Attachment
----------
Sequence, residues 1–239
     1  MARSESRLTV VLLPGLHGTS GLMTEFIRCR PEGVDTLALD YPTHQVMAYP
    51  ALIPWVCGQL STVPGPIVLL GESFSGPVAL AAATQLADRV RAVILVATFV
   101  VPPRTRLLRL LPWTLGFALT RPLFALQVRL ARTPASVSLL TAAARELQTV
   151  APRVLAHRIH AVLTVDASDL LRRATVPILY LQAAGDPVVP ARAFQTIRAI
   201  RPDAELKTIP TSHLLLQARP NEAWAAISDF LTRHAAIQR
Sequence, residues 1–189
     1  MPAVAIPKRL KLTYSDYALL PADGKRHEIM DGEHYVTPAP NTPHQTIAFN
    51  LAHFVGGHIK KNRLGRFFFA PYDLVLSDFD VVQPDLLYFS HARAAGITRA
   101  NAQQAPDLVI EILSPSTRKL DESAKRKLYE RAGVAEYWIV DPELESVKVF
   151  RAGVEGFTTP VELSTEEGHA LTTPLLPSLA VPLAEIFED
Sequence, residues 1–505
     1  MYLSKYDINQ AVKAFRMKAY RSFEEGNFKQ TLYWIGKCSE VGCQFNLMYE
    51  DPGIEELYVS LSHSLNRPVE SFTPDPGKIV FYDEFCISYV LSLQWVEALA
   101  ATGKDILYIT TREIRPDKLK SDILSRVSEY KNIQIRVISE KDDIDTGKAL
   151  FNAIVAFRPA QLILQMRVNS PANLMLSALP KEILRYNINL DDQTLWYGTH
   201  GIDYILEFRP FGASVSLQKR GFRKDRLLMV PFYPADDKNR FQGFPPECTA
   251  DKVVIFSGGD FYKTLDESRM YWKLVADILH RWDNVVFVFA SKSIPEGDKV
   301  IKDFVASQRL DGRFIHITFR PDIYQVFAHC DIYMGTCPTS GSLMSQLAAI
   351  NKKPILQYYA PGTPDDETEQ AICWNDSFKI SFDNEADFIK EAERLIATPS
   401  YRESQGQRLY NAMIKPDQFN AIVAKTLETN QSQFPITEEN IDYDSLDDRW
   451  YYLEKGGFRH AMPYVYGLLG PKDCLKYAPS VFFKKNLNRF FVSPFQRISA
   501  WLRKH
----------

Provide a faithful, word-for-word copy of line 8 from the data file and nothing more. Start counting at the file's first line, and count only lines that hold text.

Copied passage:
     1  MPAVAIPKRL KLTYSDYALL PADGKRHEIM DGEHYVTPAP NTPHQTIAFN